Russia plans to ban tobacco advertising and raise taxes on cigarettes
A bill aims to ban tobacco advertising and raise taxes on cigarettes in a country where 400,000 people die each year of smoking-related causes
Russia is cracking down on smoking with a bill to ban tobacco advertising and raise taxes on cigarettes to help tackle a public health crisis in the world's second largest tobacco market after China.
Prime Minister Dmitry Medvedev said 44 million Russians - nearly one in three - were hooked and almost 400,000 die every year of smoking-related causes.
Under Health Ministry proposals, tobacco advertising - now only allowed in some print media - would be outlawed, taxes increased on cigarette sales and smoking in cafes and other public spaces eventually banned, he said.
The bill is expected to be submitted to parliament for approval in coming days.
"Every year [the equivalent of] a large city disappears," Medvedev said. "The government has adopted an anti-tobacco strategy and today we are beginning to put it in place."
The habit of lighting up in Russia, where the air in bars, coffee shops and stairways is thick with smoke, is encouraged by the cheap price of cigarettes. A pack typically costs 50 to 60 roubles (up to HK$15).
While President Vladimir Putin is a non-smoker and has reprimanded ministers for smoking, some other top officials, such as Foreign Minister Sergey Lavrov, are heavy smokers.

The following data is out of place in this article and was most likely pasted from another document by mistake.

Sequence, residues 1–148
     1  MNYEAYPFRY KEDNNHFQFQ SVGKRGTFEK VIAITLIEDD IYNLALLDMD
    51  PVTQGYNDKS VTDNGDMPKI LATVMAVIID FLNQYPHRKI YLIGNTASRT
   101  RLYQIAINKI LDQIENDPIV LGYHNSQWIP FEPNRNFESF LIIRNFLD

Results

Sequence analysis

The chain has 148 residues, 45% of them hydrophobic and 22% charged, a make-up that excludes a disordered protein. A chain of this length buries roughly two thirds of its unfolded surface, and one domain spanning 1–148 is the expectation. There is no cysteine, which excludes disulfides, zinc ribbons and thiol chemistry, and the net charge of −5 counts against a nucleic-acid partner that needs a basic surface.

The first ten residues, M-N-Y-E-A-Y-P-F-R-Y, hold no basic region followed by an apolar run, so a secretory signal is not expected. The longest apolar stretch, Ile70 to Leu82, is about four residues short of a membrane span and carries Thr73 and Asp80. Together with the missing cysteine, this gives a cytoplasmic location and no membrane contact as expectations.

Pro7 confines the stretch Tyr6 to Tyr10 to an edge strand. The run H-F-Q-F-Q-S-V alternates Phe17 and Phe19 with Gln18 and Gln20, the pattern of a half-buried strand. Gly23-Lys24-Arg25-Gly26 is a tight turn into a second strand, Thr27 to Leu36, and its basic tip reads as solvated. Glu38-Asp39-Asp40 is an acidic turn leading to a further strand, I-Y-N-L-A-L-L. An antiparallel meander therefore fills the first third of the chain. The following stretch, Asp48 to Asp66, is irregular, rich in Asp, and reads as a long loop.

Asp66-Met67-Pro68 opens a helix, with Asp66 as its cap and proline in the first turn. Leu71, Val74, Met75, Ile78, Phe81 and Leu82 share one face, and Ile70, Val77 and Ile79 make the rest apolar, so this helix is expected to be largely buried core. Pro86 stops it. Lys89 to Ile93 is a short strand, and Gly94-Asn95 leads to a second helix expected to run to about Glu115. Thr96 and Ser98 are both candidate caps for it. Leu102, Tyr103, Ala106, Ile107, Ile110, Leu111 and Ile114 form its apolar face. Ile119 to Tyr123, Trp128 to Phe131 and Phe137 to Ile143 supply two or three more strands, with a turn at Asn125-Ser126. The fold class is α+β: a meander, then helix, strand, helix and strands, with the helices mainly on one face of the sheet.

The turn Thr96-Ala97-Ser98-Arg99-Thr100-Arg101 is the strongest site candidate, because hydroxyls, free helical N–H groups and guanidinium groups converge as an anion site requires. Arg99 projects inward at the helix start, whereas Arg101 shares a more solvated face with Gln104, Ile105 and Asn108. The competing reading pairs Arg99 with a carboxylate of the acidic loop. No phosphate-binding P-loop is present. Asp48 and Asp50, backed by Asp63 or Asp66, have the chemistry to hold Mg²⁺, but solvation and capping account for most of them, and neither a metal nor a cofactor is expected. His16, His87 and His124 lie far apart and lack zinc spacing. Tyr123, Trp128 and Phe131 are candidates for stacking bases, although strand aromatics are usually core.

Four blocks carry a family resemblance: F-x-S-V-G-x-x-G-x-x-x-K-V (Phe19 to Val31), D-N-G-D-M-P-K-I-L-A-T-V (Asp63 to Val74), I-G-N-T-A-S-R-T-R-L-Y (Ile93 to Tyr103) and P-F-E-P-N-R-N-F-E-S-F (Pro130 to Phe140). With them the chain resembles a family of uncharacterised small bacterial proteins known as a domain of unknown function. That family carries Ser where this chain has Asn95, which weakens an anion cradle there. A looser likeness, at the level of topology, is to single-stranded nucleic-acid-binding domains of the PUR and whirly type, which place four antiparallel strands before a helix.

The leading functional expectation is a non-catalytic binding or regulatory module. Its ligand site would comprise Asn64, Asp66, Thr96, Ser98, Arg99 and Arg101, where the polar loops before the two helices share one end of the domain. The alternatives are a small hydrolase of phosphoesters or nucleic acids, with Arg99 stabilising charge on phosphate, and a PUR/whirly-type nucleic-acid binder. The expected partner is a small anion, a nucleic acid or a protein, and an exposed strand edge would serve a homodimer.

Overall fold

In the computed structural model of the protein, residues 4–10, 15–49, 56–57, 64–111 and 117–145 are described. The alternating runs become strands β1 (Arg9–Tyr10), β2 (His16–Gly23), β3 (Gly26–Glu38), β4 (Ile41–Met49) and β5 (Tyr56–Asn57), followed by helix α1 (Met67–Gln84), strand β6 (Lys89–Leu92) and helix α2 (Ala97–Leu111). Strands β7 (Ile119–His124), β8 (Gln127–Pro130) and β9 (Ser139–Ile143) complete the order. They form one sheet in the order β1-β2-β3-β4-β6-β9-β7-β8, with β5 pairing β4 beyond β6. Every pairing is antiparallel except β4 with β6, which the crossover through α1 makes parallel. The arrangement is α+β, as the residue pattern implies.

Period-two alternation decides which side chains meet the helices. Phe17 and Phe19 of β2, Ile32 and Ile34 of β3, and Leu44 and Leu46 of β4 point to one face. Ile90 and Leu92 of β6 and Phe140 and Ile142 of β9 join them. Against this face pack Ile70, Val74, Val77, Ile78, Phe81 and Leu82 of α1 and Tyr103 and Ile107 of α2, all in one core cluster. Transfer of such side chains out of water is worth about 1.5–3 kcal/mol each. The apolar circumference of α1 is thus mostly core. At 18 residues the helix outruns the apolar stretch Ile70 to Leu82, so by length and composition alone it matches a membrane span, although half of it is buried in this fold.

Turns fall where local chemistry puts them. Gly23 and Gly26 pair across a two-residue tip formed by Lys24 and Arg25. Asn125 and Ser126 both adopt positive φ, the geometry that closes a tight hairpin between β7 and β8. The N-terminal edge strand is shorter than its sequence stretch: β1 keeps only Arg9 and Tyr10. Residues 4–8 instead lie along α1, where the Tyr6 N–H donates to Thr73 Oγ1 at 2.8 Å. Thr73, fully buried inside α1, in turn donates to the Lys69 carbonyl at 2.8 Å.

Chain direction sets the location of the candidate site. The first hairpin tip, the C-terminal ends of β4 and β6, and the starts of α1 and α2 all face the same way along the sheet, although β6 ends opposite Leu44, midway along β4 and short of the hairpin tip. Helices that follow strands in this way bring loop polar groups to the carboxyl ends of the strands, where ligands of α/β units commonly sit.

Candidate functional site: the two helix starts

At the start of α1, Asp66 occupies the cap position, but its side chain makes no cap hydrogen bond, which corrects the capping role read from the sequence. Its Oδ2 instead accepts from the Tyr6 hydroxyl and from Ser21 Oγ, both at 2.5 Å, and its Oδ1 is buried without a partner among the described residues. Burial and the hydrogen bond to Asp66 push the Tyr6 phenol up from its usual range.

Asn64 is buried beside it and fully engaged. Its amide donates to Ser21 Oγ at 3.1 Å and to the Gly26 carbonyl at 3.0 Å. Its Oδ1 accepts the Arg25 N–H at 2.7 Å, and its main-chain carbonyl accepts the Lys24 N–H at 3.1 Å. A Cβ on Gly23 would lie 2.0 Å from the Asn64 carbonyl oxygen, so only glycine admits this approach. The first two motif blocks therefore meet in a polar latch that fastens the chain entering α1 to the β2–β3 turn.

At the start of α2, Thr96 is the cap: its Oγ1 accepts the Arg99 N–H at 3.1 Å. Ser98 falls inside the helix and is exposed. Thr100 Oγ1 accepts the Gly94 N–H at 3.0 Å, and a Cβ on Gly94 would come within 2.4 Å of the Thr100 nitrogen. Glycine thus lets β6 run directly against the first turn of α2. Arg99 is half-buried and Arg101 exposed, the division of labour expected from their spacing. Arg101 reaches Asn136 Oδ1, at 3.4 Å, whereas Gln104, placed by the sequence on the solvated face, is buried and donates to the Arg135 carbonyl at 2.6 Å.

Some people on Moscow streets doubted that the measures would have any effect. "People will smoke no matter what. It's Russia," said one salesman.
The government hopes the legislation will help improve life expectancy, which at 62 for men and 74 for women in 2009 remains low by the standards of other middle-income countries.
The Russian cigarette market was estimated to be worth US$22 billion in 2011.
Four foreign tobacco companies - Japan Tobacco International, Phillip Morris, British American Tobacco, and Imperial Tobacco - control more than 90 per cent of Russian sales and have been lobbying to soften the proposed legislation.
The bill would probably become law next spring if submitted to parliament by November 1, Nikolai Gerasimenko, deputy chairman of the State Duma's health committee, said.
The Finance Ministry previously announced plans to increase the excise duty on tobacco 40 per cent for 2013 and 2014. On Tuesday it said it planned to raise taxes 10 per cent a year after 2015.
Kiosk owners and workers have signed a petition against the proposed ban on sales by vendors. They say many kiosks, which provide work for one million people, could be forced out of business. "Our customers will continue to buy cigarettes, but they will get them from bigger shops, where it's easier to buy everything at once," petition co-ordinator Vladlen Maximov said.